One is to relax housing policy to allow more people to move to areas where high-tech products are made. While the average resident of Kansas City or Baltimore might not have the skills to create the next great mobile game, he or she probably could find work as a schoolteacher, nurse, or construction worker in San Francisco or New York — but only if he or she is allowed to live within commuting distance of technology workers.
The other is to think harder about managing demand. There may be more that central banks can do to boost demand. If that doesn’t work, then more direct income redistribution may be called for — taxing rich people in high-growth areas to fund expanded government services, wage subsidies, or even cash payments to people in slower-growing parts of the country.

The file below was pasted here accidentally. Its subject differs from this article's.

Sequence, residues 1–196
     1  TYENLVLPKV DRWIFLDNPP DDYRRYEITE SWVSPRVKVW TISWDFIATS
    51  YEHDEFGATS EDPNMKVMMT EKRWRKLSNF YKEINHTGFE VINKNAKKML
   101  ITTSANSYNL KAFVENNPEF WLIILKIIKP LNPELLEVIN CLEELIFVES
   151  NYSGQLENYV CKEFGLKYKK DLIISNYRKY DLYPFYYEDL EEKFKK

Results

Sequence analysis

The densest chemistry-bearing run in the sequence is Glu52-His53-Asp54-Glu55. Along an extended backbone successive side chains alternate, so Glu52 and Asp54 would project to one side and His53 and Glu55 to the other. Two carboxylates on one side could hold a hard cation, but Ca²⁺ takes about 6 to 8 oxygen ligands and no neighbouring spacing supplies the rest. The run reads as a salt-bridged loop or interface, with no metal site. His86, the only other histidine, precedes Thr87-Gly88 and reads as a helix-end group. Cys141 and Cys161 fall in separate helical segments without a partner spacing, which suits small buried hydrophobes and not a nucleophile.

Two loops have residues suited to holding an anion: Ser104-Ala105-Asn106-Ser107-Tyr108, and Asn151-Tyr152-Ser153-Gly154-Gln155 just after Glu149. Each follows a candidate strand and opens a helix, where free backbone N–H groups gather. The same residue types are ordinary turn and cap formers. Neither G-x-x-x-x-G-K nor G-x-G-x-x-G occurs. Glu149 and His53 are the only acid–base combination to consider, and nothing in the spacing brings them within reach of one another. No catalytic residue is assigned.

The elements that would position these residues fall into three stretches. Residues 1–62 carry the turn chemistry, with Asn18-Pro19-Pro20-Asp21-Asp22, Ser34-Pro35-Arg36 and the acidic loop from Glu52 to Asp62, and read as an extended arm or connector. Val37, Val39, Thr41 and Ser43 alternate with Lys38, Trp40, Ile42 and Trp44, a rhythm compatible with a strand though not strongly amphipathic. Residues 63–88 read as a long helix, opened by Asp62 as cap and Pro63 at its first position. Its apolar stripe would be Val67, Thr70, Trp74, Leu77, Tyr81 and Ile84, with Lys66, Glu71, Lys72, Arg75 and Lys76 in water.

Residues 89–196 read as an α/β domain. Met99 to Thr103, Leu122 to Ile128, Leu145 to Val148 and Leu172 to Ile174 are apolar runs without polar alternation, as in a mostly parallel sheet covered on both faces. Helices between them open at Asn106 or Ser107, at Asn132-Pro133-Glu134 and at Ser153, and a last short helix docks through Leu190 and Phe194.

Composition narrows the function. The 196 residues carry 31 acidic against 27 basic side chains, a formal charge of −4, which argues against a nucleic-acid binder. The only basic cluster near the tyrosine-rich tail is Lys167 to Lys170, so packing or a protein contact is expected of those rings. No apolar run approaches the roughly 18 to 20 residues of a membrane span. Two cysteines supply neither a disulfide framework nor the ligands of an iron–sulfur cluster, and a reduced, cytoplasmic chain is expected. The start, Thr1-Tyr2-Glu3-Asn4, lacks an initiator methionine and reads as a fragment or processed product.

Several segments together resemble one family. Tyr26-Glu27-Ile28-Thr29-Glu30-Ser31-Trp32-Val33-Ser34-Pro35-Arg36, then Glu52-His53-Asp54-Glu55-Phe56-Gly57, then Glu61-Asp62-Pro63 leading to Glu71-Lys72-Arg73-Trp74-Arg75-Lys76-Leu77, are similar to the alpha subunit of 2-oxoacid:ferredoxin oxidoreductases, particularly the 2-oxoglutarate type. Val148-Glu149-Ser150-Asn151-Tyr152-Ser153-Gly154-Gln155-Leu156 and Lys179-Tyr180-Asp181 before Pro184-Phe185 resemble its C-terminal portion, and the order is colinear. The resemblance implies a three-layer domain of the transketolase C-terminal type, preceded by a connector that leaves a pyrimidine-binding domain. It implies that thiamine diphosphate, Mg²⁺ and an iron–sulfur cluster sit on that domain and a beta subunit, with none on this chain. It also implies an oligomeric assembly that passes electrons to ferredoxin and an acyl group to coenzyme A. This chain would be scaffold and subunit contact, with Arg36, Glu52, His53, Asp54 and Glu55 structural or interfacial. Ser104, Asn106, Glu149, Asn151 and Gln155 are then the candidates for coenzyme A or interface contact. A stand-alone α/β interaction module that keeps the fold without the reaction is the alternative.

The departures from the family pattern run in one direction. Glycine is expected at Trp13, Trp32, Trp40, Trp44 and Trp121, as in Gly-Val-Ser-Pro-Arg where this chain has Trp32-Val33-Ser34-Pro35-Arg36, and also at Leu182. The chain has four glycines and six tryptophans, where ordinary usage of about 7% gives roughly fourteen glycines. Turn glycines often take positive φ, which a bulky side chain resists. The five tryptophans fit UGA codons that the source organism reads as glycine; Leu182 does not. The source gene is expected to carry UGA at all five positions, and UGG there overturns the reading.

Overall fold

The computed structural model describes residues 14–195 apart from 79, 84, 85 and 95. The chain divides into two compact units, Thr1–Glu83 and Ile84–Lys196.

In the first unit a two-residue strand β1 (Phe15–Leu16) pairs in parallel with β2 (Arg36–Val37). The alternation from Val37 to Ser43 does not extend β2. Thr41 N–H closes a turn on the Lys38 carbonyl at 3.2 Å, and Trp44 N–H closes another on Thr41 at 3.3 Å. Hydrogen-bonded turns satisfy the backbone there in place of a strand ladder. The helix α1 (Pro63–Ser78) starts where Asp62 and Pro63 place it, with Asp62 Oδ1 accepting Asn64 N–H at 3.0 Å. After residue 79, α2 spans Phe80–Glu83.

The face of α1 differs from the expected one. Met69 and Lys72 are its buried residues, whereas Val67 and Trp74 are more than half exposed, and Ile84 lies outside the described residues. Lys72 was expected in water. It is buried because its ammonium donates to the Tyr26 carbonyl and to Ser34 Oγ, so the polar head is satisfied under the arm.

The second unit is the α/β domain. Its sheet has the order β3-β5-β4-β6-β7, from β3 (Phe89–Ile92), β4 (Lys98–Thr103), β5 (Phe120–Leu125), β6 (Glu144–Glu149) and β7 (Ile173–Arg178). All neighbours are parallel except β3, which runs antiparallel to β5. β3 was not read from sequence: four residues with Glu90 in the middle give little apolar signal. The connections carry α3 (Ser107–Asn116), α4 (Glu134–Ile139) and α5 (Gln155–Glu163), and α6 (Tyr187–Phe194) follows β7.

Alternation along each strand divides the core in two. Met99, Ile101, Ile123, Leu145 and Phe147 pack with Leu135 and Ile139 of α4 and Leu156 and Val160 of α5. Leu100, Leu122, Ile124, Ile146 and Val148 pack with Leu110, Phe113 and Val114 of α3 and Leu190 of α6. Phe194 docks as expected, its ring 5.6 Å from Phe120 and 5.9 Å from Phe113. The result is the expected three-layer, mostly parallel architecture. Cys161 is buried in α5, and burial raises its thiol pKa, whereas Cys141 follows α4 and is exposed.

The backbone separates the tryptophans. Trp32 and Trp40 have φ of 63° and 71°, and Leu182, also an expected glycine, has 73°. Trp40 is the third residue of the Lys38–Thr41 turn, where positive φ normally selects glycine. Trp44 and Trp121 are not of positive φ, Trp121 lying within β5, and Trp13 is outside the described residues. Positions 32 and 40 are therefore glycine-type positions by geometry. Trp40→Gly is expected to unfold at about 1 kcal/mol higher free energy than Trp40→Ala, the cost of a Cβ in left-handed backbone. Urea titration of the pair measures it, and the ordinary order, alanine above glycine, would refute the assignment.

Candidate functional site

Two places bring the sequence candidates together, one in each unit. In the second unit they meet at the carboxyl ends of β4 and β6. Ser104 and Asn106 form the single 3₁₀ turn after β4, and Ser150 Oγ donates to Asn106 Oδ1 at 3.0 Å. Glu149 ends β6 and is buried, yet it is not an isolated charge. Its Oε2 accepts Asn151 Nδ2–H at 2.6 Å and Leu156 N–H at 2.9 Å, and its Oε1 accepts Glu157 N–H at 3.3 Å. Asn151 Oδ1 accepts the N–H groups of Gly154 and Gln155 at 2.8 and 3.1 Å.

— source vox.com By Timothy Lee
Snowden says its bullshit.
Lots of my self-pub writer friends urge me to sign on with Kindle Unlimited. They tell me I’ll make more money by making my books only available on Amazon.
They’re probably correct… in the short term.
But if you have only one customer, and only one sales channel, that sales channel can destroy yo without warning. And today, Amazon’s scam-fighting techniques are crushing authors guilty of only one thing: trusting Amazon as their sole customer.
Puzzled? It took me a while to figure out how this scam was working, too. And it’s driven home that signing on with Kindle Unlimited is like playing Russian roulette. Eventually, it will burn you.
Understanding why means understanding how Kindle Unlimited works.